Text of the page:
Strategies to help individual students

Research has demonstrated that positive student-faculty interactions play a significant role in student satisfaction and student retention. This page describes some of the strategies that individual faculty can engage in to impact student retention: through advising, teaching, and one-on-one relationships with students.

Improve retention through advising

Explore REST’s advising resourcesLearn about types of advising models you can use with your advisees, how to prepare yourself and your advisee for a meeting, topics to cover during meetings and how to ask and answer difficult questions. The resources also contain practical tools and resources to help your advisees navigate difficulties and improve their performance. 

Connect with the A-Deans in your School each semester to stay abreast of changes to policy and practice: Having accurate answers to student questions gives students confidence in your abilities as a faculty advisor and eliminates the “run-around” when students are given misinformation or are pointed in the wrong direction. Being aware of policies and practices surrounding S/D/F, add/drop, audit, Over 18, and Withdraw deadlines can save students time and money and contribute to students’ on-time graduation. 

Invite your advisees to meet with you at strategic points during the semester: Invitations can be extended during the first three weeks, just after midterms, before course registration. 

Ask your School’s A-Dean for a list of advisees who are on academic warning: Seek to connect with struggling advisees more often during the semester and know the requirements for getting back into Good Standing.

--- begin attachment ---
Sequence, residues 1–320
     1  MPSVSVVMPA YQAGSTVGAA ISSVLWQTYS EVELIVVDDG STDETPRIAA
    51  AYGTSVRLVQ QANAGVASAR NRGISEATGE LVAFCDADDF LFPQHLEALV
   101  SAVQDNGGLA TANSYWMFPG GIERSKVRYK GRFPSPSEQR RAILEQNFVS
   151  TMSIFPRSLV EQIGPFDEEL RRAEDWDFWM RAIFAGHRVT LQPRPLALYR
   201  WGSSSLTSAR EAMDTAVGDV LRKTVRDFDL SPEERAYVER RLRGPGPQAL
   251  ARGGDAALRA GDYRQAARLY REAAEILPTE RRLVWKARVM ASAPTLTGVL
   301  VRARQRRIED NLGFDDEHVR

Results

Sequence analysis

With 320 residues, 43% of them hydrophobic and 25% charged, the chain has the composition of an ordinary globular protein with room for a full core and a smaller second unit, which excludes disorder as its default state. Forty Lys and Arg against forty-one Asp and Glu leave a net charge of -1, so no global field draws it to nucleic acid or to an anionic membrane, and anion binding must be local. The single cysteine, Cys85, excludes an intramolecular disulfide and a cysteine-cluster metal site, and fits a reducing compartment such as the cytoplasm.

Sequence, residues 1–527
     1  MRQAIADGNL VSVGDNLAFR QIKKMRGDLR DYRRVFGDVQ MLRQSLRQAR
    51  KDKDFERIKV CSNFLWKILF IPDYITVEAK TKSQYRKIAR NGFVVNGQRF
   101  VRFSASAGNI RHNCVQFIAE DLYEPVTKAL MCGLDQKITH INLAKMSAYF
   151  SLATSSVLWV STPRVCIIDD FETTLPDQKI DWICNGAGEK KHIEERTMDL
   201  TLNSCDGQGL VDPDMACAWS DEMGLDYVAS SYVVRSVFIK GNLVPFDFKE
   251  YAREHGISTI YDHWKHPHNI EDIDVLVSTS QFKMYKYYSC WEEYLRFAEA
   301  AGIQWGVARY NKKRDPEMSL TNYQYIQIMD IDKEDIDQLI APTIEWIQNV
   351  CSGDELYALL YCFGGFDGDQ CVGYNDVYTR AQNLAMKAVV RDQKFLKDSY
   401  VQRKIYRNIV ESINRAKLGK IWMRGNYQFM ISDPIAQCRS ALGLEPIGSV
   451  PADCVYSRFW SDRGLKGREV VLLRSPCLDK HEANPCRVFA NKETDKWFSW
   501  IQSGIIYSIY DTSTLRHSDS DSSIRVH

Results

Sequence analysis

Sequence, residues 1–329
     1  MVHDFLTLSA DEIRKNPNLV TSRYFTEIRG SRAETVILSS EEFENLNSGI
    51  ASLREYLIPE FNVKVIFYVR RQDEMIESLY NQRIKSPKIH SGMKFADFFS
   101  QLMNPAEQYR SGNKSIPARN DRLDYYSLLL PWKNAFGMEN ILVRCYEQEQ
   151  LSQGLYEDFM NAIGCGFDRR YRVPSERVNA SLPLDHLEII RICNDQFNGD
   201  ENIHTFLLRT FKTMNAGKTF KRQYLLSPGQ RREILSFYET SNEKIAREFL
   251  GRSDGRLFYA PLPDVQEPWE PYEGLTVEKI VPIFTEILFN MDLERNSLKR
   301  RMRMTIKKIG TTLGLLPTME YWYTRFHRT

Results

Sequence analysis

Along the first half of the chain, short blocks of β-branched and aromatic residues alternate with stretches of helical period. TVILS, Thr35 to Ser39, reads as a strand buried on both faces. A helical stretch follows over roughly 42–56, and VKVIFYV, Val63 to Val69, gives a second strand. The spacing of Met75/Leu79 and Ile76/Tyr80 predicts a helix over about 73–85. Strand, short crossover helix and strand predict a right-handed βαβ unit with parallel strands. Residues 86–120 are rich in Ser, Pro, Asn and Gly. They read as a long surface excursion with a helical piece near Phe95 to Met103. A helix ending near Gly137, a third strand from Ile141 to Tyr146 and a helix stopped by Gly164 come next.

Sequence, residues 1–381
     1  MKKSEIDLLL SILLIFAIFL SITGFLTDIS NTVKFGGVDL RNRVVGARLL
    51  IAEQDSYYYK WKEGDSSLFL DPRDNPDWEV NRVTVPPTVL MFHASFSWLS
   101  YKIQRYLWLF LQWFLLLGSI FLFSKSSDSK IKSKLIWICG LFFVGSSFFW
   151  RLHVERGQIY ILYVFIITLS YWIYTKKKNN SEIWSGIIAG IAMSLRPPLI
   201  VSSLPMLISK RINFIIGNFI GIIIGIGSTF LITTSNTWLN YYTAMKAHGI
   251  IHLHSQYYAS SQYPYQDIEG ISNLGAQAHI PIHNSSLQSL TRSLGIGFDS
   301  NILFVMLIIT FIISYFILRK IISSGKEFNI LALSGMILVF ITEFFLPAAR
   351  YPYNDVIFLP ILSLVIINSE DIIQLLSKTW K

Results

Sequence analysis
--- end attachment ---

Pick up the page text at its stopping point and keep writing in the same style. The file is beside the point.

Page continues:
Let your department know about engaged and high-performing advisees: These may be students who should be considered for enrichment opportunities or encouraged to pursue awards. 

Improve retention through teaching

Explore faculty development opportunities with the Center for Faculty ExcellenceThe CFE provides resources and training to help you develop inclusive teaching practices and other techniques to help you support your students, including programs for new and early-career faculty and workshops and fellowships for more experienced faculty.

Find an experienced faculty mentor whose teaching has been recognized: Talk with a recipient of a faculty excellence award, a Dana Teaching Fellow,  a Senior Fellow, or participate in another mentoring program through the CFE.

Explore new teaching technologies: The CFE’s Faculty Hub and IT’s Learning and Innovative Technologies program can help you identify technologies that you can use to strengthen your teaching practices and support student success. 

Seek feedback from your department: Experienced colleagues in your department or program are valuable resources for  strategies for supporting students. You can also set up a Mutual Mentoring Program to create a support network within your department—or among several departments.

Improve retention through one-to-one relationships with students

Use office hours and advising appointments: Ask about students’ extra-curricular interests, social engagement, athletic participation. Take an interest in the things students are involved in outside of the classroom. 

 Take in a student event: Find events in which your students are participating and use a personal note to let them know you attended. 

Familiarize yourself with IC ResourcesFollow up expressions of concern with connections to appropriate resources such as CAPS, Hammond Health, the Office of Religious and Spiritual Life, the Center for Health Promotion, the Ithaca College Food Pantry, the Center for IDEAS, the Center for LGBT Education, Outreach, and Services, among others. 

In 1:1 conversations with students you know well:

  • Communicate the talent and potential you see.
  • Encourage involvement in a specific, connected task/opportunity.
  • Thank them for their contribution